Don’t Care or Drifting to the Right? – Tracking Political Involvement in Austria from 1986 to 2016

Monday, 16 July 2018: 11:00
Oral Presentation
Dimitri PRANDNER, University of Salzburg / University of Linz, Austria
Alfred GRAUSGRUBER, Linz, Austria
Political involvement is a central pillar for democratic societies. Citizens are expectet to participat in political activities – voting, demonstrating, being active in civil society and unions – and stay informed on recent political developments.

Using the definition of political involvement from political scientist Van Deth and data from the Social Survey Austria (four waves since 1986, each n=2000), it is possible to illustrate that the Austrian society – an example for many western democracies - has become less and less involved in politics since the eighties. 2016 more than 60% of participants had to be classified as distant or not involved in formal politics. Thus, a large amount of the population may not be identified as dutiful citizens at all.

Yet during the same period the populist right-wing party FPÖ – Freedom Party Austria – could expand its political platform. Calling for change and using an anti-immigration-position to push a nationalistic agenda, they accuse the establishment – primary other politicians and the media – to have lost sight of the “common people”.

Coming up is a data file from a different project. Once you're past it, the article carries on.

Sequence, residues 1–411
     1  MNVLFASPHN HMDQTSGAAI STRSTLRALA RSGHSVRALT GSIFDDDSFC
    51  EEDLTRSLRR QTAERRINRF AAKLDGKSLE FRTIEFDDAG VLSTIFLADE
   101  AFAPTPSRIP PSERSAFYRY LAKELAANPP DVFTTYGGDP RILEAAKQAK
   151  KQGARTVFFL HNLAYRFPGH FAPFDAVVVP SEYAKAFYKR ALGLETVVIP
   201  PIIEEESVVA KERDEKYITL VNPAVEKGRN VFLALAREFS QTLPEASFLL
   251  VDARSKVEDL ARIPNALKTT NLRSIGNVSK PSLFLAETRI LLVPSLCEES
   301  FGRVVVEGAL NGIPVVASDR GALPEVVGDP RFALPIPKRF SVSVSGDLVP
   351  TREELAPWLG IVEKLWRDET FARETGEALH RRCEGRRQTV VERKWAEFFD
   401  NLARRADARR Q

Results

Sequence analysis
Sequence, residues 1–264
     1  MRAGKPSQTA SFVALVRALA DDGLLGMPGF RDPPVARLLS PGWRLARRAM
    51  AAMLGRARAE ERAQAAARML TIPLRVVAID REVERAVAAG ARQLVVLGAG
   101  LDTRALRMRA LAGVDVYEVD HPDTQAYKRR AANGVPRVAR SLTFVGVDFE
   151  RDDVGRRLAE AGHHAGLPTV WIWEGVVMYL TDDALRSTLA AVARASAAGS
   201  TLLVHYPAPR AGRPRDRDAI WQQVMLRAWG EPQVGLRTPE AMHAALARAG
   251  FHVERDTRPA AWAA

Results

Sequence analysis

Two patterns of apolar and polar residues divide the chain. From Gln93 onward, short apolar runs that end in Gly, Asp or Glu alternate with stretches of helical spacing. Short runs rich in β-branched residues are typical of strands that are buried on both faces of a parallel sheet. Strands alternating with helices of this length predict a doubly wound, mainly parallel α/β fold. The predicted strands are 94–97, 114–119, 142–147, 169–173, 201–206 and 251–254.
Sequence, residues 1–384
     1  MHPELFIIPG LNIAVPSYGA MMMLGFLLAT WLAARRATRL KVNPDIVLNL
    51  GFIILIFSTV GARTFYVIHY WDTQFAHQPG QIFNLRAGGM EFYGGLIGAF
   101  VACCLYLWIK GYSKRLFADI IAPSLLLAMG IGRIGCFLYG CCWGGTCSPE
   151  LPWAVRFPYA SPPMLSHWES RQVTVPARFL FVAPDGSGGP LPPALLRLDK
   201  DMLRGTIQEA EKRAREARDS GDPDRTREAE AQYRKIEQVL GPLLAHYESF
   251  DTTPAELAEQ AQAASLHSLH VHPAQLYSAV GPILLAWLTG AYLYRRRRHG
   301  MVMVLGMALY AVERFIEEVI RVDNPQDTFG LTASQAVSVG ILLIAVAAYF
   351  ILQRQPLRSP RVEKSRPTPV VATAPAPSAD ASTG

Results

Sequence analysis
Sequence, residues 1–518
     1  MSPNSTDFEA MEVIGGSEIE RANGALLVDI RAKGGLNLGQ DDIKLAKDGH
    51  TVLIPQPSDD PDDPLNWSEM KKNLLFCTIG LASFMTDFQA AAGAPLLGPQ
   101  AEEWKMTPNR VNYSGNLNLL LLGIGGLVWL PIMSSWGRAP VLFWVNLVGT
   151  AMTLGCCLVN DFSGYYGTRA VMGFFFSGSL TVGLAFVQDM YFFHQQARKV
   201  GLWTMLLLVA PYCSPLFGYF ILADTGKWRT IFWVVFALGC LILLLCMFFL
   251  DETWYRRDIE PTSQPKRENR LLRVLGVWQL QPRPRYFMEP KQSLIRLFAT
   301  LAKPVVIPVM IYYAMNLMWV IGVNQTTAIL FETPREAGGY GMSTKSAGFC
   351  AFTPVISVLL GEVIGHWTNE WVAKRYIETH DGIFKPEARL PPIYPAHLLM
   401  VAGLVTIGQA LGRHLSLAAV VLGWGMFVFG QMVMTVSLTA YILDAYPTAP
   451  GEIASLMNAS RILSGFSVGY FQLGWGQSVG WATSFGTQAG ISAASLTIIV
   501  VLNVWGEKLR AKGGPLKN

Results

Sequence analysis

And indeed, established parties – in the case of Austria the SPÖ and ÖVP - lost their standing or had to reinvent themselves in more populist ways, as electoral losses piled up.

We argue that those two phenomena are interrelated and illustrate that the people who gravitate towards different types of political involvement since the 1980ties may have remained constant, but that the group of individuals, who express a distance to the political system, not only grew, but became the primary recruiting grounds for populist parties in Austria. A paradoxical situation, as one would expect that those not involved would be non-voters or not affiliated with any political power. Using multilevel models and representative data from the social surveys Austria 1986 to 2016 these developments are discussed.